I am grateful he isn’t one of the curious idiots standing on the side of the road with his arm wrapped around the woman beside him, keeping her warm from the cold as they look on at another person’s misfortune. The thought flits from my mind as the jealousy invades and forces it out. My job calls, but I’m having trouble tearing my eyes away from the big-haired blonde sitting in his front passenger seat.
As if he feels my eyes, his head turns in my direction. The only indication he gives to my existence. His eyes don’t flash; he doesn’t smile or wave. To him, I’m any other emergency person at the scene of an inconvenient crash.
Turning on a booted heel, I jog back over to the white Ford. With the help of the firefighters, we get Cecilia out of her vehicle, onto the longboard, and strapped to the gurney.
“Here comes your son, Cecilia. Let’s get you out of the cold.”
“Thank you.” She holds out her hand, and I give it a reassuring squeeze.
Nathan arrives with her son, who has a large bandage taped to his forehead, and together we get them in the back of the ambulance. The hospital is less than five minutes from the accident location, so we have them there in no time at all.
I’m silent on the drive back to the garage. A little sad, but mostly trying to remain strong. Seeing Law with another woman has been a possibility in the back of my mind, but I didn’t think it’d happen now. The man kissed me just yesterday. Here I thought we had time to work things out between us. I guess I was wrong.
Nathan parks in the garage, and after cleaning the back of the ambulance, we head inside.
“You hungry? I could make you something to eat.”
“I’m good. I think I’m going to go lie down for a bit. I didn’t sleep well last night, and if it’s busy tonight, I want to be well rested.”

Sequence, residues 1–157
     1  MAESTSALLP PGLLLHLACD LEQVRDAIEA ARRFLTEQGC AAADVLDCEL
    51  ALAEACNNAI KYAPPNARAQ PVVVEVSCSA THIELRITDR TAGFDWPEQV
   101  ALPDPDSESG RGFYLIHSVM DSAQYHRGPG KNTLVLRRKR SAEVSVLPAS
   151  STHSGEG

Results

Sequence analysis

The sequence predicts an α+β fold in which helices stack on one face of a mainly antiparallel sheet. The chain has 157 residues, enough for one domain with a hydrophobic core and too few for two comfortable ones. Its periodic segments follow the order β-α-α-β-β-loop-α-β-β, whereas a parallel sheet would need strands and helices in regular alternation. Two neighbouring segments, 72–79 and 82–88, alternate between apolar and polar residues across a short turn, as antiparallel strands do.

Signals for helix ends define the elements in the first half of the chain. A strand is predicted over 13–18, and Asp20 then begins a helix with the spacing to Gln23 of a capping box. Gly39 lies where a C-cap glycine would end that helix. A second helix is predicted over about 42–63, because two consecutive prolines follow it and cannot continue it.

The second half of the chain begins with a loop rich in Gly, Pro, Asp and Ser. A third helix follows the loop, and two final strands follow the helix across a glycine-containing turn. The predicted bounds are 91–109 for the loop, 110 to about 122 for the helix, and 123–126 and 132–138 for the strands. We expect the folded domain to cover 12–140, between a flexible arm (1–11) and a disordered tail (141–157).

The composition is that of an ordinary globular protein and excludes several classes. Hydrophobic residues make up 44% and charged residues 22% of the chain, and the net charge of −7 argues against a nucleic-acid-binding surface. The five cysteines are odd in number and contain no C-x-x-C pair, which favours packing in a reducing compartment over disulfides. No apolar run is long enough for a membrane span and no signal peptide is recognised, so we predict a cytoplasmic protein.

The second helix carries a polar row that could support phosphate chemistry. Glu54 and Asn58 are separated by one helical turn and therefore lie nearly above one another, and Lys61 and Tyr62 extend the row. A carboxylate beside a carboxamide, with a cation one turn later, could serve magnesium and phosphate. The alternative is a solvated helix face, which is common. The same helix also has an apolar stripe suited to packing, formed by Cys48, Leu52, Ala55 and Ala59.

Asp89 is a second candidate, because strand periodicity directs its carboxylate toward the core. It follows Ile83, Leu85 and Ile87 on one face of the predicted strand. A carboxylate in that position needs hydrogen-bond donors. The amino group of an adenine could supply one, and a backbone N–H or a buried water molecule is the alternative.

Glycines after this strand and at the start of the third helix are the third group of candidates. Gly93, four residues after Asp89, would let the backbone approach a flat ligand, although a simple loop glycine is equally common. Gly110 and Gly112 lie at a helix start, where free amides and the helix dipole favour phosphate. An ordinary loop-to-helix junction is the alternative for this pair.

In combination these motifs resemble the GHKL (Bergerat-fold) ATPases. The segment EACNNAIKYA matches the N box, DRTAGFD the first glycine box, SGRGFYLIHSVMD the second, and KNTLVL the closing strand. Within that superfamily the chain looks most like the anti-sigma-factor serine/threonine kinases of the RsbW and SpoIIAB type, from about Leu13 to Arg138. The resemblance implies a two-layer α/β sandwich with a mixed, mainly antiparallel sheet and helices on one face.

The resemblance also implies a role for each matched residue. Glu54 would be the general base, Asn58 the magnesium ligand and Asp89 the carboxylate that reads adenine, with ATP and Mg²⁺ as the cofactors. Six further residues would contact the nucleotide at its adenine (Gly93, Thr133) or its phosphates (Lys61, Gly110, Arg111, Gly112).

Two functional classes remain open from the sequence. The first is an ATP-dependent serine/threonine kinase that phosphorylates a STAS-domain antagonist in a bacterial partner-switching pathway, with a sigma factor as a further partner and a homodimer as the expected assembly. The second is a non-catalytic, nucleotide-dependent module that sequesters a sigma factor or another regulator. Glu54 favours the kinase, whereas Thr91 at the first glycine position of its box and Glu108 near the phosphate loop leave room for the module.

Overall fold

Concern flits across his face, and he grips the countertop. “You sure you’re all right?”
“Yep. Don’t worry, I’m just tired.”
One hand leaves the counter to scrub the back of his neck. “You want some company?”
Is he asking what I think he is?
The question must show on my face, because his blanches in response. He waves both his palms at me. “No, that’s not what I meant. Just friendly company. Nothing more.”
To save him from himself, I throw him a lifeline. “Company would be nice. But if you turn on the TV, you better keep the volume down. I want to sleep.”
He catches up to me and nudges my shoulder. “Then I won’t be able to hear over your snoring.”
“I do not snore.”
His teeth sink into his lower lip, and his eyebrows raise. “You do. You snore like a lion with a sore throat.”
“Keep it up, and I won’t let you watch TV at all. And I’ll eat that piece of cherry pie you left in the fridge.”
“Okay, okay, truce. Just don’t hurt the pie.”
“You’re a dork.” I slip off my radio and curl into the couch cushion. Nathan sits in the leather recliner by my head.
I huff but don’t argue. The last thing I need tonight is another conversation about the non-relationship between the two of us. A nap is on the agenda.
While Nathan watches TV, I do just that.
Luck is on my side; the night is slow. I catch up on sleep and somehow keep Law from appearing in my dreams.
“I have to know the details. How have you been holding out on me for so long?”
“I haven’t been. We’ve both been busy.”
Kiersten glares at me over the rim of her wineglass. She swirls the dry red before draining it. “That’s crap and you know it.”
I slide the bottle toward her with the side of my arm since my fingers look like chocolate drizzled pretzels. “You’re wrong. The only reason it feels like I’ve been holding out is–?